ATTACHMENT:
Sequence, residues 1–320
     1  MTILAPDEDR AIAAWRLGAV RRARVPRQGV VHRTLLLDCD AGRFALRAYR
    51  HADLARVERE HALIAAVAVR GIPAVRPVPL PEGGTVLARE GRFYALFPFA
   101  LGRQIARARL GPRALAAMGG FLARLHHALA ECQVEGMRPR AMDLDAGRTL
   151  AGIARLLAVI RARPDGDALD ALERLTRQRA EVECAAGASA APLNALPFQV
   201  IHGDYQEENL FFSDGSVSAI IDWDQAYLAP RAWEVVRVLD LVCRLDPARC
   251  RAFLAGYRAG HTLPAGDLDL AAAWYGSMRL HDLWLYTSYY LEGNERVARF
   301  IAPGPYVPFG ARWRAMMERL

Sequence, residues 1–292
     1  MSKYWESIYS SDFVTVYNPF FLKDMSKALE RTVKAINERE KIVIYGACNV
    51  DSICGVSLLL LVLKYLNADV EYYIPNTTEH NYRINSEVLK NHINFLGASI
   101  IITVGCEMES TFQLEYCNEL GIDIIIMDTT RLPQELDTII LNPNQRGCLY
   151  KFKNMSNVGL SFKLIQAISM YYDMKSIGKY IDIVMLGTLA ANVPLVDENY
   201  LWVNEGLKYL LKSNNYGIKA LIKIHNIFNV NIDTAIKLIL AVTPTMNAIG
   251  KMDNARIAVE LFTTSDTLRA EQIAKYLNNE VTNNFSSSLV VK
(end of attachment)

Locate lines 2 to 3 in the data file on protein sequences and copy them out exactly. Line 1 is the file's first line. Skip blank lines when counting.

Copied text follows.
     1  MTILAPDEDR AIAAWRLGAV RRARVPRQGV VHRTLLLDCD AGRFALRAYR
    51  HADLARVERE HALIAAVAVR GIPAVRPVPL PEGGTVLARE GRFYALFPFA